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Wednesday, October 27, 2010
Racing Money, Political Hires
By Thomas J. Cole
Journal Staff Writer
A couple items:
The Richardson administration, apparently tired of all those pesky questions about the governor's political appointees, recently refused to release an up-to-date list of the employees, their salaries and titles.
It had provided such lists on numerous occasions over Gov. Bill Richardson's nearly eight years in office.
Meanwhile, on the campaign-finance front, former state Racing Commission director and New Mexico House candidate Julian Luna hasn't yet followed through on a pledge to return a $5,000 campaign contribution to a company owned in large part by Paul Blanchard, president of The Downs horse-racing track in Albuquerque.
Back to the political hires.
I asked the administration last month for a list of the appointees to state jobs. Instead, the Department of Finance and Administration gave me an "organizational list" for all of the nearly 24,000 state workers, including career employees. Buried in those 1,500 pages is the information on the appointees, formally known as exempt employees.
"The (organizational lists) are produced in the ordinary course of business and have all the information responsive to your request," a spokeswoman for Finance and Administration said in an e-mail.
When I objected, the spokeswoman came up with a list of appointees it had created in July for the Legislative Council Service.
The DFA hasn't yet given a reason for not providing an up-to-date list containing only exempt employees as it had done in the past when asked.
The growth in the number and salaries of political appointees has been an issue for much of Richardson's time in office. Both candidates to succeed him, Democratic Lt. Gov. Diane Denish and Republican District Attorney Susana Martinez, have said they would cut the number of exempt employees.
Richardson substantially grew the number of political appointees, which peaked at about 470. More than 100 exempt employees made in excess of $100,000 at one point, with one appointee taking down north of $300k.
The administration's refusal to release up-to-date lists on political appointees will make it more difficult — but not impossible — to continue to track the transfers of exempt employees into career, or classified, jobs to help shield them from dismissal under the next administration.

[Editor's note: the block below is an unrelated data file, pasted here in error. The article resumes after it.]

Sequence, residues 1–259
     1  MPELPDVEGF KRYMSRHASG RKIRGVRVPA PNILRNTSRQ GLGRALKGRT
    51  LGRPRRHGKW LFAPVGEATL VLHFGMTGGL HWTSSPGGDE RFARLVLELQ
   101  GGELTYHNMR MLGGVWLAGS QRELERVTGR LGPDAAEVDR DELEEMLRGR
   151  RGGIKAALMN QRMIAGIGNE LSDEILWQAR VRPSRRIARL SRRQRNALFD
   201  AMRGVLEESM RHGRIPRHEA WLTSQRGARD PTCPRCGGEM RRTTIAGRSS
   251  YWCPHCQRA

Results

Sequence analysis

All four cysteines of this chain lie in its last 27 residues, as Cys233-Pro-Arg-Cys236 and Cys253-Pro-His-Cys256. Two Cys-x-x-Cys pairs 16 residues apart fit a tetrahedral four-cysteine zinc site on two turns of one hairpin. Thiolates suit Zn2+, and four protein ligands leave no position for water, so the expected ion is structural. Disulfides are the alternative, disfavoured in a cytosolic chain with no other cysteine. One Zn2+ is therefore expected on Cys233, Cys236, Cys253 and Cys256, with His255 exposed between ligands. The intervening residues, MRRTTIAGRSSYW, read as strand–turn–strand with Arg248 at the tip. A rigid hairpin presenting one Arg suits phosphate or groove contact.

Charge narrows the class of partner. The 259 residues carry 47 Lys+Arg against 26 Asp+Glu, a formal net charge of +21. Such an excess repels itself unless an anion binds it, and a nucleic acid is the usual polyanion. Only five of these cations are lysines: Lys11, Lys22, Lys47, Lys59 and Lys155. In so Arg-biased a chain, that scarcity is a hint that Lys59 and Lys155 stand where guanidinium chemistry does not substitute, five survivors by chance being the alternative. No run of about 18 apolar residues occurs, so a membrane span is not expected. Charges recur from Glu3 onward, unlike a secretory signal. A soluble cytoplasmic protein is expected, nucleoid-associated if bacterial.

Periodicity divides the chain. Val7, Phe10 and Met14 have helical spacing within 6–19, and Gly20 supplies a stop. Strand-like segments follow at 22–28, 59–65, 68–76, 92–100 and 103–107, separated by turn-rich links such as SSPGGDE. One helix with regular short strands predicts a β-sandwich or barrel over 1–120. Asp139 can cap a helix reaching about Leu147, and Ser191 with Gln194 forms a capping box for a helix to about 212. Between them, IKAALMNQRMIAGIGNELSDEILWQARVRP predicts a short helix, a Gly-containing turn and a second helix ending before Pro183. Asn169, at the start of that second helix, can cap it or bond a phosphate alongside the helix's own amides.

As for Luna, he received the contribution from the Blanchard company in April while still director of the Racing Commission, a job he held for much of the past two decades. He retired from that job effective Sept 1. and now collects a pension of more than $74,000 a year.
"We're just waiting until the end of the campaign" to give the money back, Luna said last week.
He defeated lawyer Elias Barela, a member of the House since 2007, in the Democratic primary election in June and faces Republican Alonzo Baldonado in the general election Tuesday. Both Luna and Baldonado are from Los Lunas.
I reported in June on the campaign contributions Luna had received from donors with ties to the horse-racing industry, including the $5,000 from Defined Fitness, an Albuquerque-based chain of health and fitness clubs that is owned in part by Blanchard, a major contributor to Democratic candidates.
Lawyer Traci Wolf, president of Defined Fitness, said at the time that Blanchard had nothing to do with the contribution and that she had known Luna for years. When contacted, Luna didn't initially recognize Wolf's name. He pledged to return the money from Defined Fitness and any other questionable donations.
In his campaign-finance report due Sept. 13, Luna reported returning $500 from a horse-breeding farm in Carlsbad, $105 from the New Mexico Horse Breeders Association and $250 from the law firm of Sam Bregman, who has represented Canadian businessman Michael Moldenhauer in his failed bid to develop a track and casino in Raton.
Luna said he is waiting until the end of the campaign to review all donations and return the $5,000 to Defined Fitness, as well as any other contributions found to pose conflicts of interest.
Exactly what would pose a conflict for Luna if elected isn't clear, and he has been raking in the dough from the racing industry and others since winning the primary and leaving the Racing Commission.
In his campaign-finance report due Oct. 12, Luna reported receiving $1,000 each from the racetracks/slots casinos in Farmington and Sunland Park, $500 from the New Mexico Horsemen's Association, $500 from Racing Commission Chairwoman Marty Cope and $300 from Gaming Control Board Chairman David Norvell.
He also reported receiving $3,000 from the political action committee for the New Mexico Trial Lawyers Association, as well as donations from lobbyists, car dealers, Indian tribes, real estate interests and others.
Luna reported raising a total of $62,636 for his campaign and spending more than $44,000, leaving him with more than $18,000 in his campaign fund heading into the final few weeks of the election.
Baldonado, a real estate broker making his first run for public office, reported in his Oct. 12 filing that he had collected about $30,000 and still had more than $9,000 in the bank. His largest contributors included Roswell businessman Mark Murphy and Republican Party officials and PACs.
UpFront is a daily front-page news and opinion column. Thom Cole can be reached in Santa Fe at (505) 992-6280 or at email@example.com.